Key length for integer- and finite-field cryptography
Robert J. Hansen
rjh at sixdemonbag.org
Thu Aug 7 19:32:27 CEST 2014
> Take-home: If you are using AES-256, you should max out your key size
> in GnuPG. (It is regrettable that only some versions seem to support
> strong key-sizes.)
Good grief, *no*, *no*, *no*.
This keeps on getting dusted off, and the answer never changes. Please
forgive me if I'm a little irate here, but I'm getting really tired of
people who bring this up without checking the mailing list history.
*If you require 256 bits of entropy throughout, you need to use
something other than GnuPG.* PGP stands for "Pretty Good Privacy." Not
perfect privacy, just pretty good, and not 256 bits of entropy
through-and-through. In fact, OpenPGP can only really be relied upon to
provide 112 bits of entropy[*].
The take-home is the same as it's always been. "If you need X bits of
entropy, check to make sure each step in the link provides at least X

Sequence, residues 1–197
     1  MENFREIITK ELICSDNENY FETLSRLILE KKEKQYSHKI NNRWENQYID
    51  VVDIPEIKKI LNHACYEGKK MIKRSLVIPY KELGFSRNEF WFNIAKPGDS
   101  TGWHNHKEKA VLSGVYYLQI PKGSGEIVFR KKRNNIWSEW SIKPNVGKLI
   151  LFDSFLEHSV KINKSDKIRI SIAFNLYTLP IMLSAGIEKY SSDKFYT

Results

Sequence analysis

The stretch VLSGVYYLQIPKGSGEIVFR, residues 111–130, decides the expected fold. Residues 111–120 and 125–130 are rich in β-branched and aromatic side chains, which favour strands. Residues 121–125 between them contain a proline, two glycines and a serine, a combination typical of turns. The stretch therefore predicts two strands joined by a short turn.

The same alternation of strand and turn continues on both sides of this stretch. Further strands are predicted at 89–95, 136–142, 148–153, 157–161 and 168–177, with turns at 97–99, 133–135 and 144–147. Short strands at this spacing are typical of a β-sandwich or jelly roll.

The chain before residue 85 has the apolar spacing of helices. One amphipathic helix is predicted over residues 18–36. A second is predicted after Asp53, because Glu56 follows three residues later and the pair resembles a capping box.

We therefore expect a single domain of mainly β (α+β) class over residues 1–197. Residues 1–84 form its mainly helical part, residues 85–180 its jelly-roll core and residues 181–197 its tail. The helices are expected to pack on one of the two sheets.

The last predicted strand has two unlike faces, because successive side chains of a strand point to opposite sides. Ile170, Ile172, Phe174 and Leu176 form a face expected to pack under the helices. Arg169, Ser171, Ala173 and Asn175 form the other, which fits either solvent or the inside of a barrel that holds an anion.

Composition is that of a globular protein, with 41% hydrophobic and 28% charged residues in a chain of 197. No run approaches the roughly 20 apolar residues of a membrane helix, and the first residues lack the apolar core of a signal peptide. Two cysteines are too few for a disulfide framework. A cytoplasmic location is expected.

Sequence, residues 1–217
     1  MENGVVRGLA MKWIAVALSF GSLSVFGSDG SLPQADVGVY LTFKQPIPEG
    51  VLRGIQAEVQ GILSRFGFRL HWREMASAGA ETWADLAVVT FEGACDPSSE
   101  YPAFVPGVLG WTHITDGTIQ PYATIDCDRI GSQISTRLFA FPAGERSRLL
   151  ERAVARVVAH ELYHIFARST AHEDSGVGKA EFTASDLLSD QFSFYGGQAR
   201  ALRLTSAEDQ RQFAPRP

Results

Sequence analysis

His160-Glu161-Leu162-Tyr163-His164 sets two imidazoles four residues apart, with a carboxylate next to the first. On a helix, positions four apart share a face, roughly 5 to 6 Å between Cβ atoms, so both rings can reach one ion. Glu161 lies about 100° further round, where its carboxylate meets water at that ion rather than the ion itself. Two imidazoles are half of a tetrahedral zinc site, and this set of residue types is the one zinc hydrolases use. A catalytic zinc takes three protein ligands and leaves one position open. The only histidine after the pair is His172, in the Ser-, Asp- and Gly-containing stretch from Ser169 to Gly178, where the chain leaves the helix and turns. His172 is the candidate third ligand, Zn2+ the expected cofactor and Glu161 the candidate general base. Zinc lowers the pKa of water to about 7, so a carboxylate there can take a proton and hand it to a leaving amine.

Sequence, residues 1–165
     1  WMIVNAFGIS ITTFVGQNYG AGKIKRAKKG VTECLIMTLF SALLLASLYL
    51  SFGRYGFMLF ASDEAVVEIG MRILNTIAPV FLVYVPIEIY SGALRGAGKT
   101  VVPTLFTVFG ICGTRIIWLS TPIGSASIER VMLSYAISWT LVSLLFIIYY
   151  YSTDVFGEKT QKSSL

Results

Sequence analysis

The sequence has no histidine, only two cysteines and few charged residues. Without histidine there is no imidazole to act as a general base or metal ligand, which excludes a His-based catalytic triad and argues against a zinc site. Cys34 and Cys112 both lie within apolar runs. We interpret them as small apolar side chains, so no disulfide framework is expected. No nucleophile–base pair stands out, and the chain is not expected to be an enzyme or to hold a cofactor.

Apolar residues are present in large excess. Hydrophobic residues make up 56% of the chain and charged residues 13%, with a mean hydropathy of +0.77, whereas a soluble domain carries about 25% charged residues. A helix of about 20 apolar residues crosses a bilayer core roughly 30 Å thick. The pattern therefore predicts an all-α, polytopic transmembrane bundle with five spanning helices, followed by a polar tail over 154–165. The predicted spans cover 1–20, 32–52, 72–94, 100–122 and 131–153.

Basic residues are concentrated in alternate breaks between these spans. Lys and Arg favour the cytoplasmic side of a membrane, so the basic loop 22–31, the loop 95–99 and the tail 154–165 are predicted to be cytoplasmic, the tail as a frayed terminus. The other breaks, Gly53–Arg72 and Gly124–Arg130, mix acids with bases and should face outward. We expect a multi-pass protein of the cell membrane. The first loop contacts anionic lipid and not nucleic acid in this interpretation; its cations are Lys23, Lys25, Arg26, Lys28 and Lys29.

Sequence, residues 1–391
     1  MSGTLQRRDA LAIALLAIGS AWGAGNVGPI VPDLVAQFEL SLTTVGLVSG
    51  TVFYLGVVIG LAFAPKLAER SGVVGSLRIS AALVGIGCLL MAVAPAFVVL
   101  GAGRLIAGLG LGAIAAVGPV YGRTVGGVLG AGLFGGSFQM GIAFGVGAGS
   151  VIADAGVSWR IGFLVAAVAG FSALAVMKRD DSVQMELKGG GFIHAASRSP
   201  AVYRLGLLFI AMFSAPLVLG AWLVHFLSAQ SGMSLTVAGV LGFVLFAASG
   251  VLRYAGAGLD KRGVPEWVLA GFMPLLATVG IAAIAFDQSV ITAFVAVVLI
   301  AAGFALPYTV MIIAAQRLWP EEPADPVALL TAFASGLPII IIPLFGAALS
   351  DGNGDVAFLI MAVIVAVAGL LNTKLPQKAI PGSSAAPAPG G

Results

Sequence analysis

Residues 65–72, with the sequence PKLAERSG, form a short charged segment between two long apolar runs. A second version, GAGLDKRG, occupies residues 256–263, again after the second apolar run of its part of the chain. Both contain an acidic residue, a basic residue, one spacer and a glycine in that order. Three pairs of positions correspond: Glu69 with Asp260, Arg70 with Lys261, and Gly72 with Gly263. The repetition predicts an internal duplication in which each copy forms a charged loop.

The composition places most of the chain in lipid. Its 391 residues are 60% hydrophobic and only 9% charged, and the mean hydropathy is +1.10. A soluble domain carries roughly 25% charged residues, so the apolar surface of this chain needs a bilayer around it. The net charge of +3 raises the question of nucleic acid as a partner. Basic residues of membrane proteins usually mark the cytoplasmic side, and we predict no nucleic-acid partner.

bits. If some provide more, that's fine."
The average user will be well-served by 112 bits of entropy. That means
RSA-2048 works just fine for the average case. If a user who's
well-served by 112 bits of entropy wants to use AES-256, there's nothing
wrong with that, and the suggestion that they should revoke their
certificate and patch GnuPG to produce 16kbit keys is *just* *flamingly*
Using AES-256 is *not* a good reason to start using RSA-16k.
[*] if you want to know why this is the case, check the mailing list.
Short version: you have no control over what algorithms your
correspondents use, and they can always choose 3DES.
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